when your recovery goes to second grade

I remember pretty much everything about October 25th, 2011.

I remember being called out of class during 3rd period band. I remember spending over an hour sitting across from my school guidance counselor – picking at the Band-Aids on my wrist. I remember leaving her office for a period while she called my mom – not knowing what to tell my classmates who asked why I had missed the last class. I remember my volleyball game after school. I remember watching my mom walk into the gym – knowing she knew. But more than anything I remember being scared. Scared because self-harm was no longer a secret. Scared because I knew there were a lot of conversations I had been avoiding ahead. Scared because I didn’t know where we would go from here.

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tomorrow needs me. and it needs you too.

If you know me, you know about To Write Love On Her Arms. I’m not going to go into all that they do, you can just click here. Every year they run an incredible campaign for Suicide Prevention Week. This year the message they are spreading is “tomorrow needs you”. It is three words. It is simple, to the point. It doesn’t necessarily sound like anything groundbreaking. And yet it is important. It is the idea that the world would be different if we weren’t here – that tomorrow would miss us. The idea that we are valued, loved, and needed.

Today is World Suicide Prevention Day and so to honor TWLOHA’s campaign this year, I am sharing a few of the reasons tomorrow needs me.

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please stay

This wasn’t what I was going to post today. In fact, I had pretty much the opposite article planned for today. Today I was supposed to post a fun article, a lighthearted article, about a favorite brunch spot – the first in a summer series of food spotlights. But quite frankly, that article doesn’t seem to matter much right now. Right now we have something bigger to talk about.

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love is what got me here

No matter how many times I talk about my mental health, every time I share my story it is emotional and often it is difficult. That isn’t to say it isn’t worth it – just that those moments aren’t without a thought. And, like I mentioned in a previous post, I am happy to share my story – anyone can ask. But I think for a while I thought there would be a magic number. That maybe once my pedal fast articles hit a certain number of views then I wouldn’t get so emotional. Or once I told a certain number of people then it wouldn’t be so hard to start the conversation with someone new. That once a certain amount of time had passed then it would all just be easier.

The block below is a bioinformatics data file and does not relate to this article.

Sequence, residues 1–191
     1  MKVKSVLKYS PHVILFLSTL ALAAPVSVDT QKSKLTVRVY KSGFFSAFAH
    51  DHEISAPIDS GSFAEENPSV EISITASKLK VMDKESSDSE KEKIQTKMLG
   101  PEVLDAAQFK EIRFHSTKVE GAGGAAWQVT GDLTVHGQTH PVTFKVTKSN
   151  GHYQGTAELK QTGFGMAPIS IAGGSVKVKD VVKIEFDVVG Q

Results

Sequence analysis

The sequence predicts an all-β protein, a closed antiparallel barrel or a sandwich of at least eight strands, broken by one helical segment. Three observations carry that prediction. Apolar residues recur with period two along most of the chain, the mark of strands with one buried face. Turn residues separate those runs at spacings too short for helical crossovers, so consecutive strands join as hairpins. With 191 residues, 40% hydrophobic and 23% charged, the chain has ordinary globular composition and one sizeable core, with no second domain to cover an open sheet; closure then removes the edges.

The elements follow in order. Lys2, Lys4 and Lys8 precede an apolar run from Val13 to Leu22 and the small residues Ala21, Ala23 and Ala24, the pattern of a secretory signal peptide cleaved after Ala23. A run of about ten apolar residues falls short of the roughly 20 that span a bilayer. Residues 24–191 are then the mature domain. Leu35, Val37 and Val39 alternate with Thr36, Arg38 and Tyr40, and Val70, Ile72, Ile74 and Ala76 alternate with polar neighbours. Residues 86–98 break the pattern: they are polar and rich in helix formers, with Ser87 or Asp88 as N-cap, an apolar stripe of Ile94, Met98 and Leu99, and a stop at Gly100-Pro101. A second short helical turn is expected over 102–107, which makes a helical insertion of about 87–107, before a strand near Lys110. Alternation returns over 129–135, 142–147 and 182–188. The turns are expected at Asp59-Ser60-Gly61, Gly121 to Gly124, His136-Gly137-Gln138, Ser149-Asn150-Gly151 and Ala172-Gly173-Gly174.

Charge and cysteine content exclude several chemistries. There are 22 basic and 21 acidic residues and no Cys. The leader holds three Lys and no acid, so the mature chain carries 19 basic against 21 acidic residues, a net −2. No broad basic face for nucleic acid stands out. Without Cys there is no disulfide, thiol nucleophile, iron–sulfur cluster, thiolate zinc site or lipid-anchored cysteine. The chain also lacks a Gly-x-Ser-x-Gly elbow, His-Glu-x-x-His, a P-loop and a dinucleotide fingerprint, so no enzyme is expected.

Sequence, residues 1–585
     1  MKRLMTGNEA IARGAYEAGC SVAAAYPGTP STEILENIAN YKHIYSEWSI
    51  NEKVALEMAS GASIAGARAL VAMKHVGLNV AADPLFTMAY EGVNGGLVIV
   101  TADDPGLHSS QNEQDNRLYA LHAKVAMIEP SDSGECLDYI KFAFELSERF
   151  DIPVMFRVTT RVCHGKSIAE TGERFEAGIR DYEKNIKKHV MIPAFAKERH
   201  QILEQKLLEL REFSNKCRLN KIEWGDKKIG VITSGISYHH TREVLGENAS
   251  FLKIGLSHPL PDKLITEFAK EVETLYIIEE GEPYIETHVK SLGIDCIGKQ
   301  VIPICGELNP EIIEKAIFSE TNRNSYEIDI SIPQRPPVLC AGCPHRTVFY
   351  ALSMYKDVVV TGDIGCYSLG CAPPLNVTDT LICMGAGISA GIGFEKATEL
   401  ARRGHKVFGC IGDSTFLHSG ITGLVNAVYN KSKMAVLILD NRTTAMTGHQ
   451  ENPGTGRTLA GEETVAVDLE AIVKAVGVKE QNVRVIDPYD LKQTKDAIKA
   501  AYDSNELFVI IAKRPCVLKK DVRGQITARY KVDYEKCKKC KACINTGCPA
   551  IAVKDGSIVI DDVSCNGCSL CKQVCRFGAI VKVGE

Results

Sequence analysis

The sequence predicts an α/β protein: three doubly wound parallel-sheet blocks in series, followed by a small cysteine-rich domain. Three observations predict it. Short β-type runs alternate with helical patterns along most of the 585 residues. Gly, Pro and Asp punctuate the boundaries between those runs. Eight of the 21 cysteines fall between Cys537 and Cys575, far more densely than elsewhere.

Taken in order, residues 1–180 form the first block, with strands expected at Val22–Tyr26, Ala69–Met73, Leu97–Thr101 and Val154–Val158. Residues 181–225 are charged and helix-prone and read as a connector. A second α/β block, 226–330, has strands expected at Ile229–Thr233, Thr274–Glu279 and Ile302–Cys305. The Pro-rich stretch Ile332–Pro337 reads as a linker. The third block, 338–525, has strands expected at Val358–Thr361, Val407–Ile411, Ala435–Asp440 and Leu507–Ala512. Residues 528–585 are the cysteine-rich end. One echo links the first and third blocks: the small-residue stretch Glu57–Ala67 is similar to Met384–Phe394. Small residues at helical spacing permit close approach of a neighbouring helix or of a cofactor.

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“sick” days

The stigma that exists around mental health and mental illness has controlled a lot of my life. It has controlled the timeline of my decision to share my own story and to post blog articles related to mental health. It kept me silent for years. In the past year though when I decided to share my story and my life I felt as though stigma no longer existed. I shared my story online and was met by an overwhelming and startlingly large amount of support. Sharing my story has been among the best decisions I have made in my life. And as I moved through the year that followed, I felt as though I had not faced any backlash from sharing my truth and that stigma must be on its way out.

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we need to stop joking

We need to stop joking about suicide.

I’m going to say it again.

We need to stop joking about suicide.

Before I go any further I want to preface this article by admitting that I am definitely guilty of tossing “lol kill me” around. So this “we” in the sentences above, includes me too. I am calling myself out as much as I am calling out anyone else.  I need to do better.

Kill me now. I’m going to kill myself. Ugh KMS.

We toss these around when we are having a bad day. When we are stressed about school work. When we are stuck in an embarrassing moment. When the printer is out of paper and we are running late. Somewhere along the line we decided it was acceptable to threaten suicide in order to ease tension or express temporary frustration. Somehow, suicide has become a mood.

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it’s not just me and it’s not just you

I started this blog because I wanted a space that would be completely in my control. I wanted a small corner of the internet that could look however I wanted it to and to talk about anything at all. I love that this blog is a jumble of thoughts and questions and talks about serious stuff in one post and goofy stuff in the next. But sometimes I get a little too caught up and anxious about maintaining this “randomness”. At times I am too preoccupied with writing articles on a range of topics that I fail to write the articles that are the most personal and really matter to me.

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I don’t know if it is because I’m older now, or because I’ve involved myself more in the conversation surrounding mental health, or because I have shared my own struggle with mental health, or because society has actually made progress, but from where I sit right now, I really do think that these past few years have seen huge steps towards the de-stigmatization of mental illness.

And yet, still nearly half of those struggling with mental illness do not seek help.

So we are still doing something wrong.

And if I’m being honest, we are doing more than a couple things wrong. But for now, let’s just talk about one thing: we are placing mental illnesses in systems of hierarchy.

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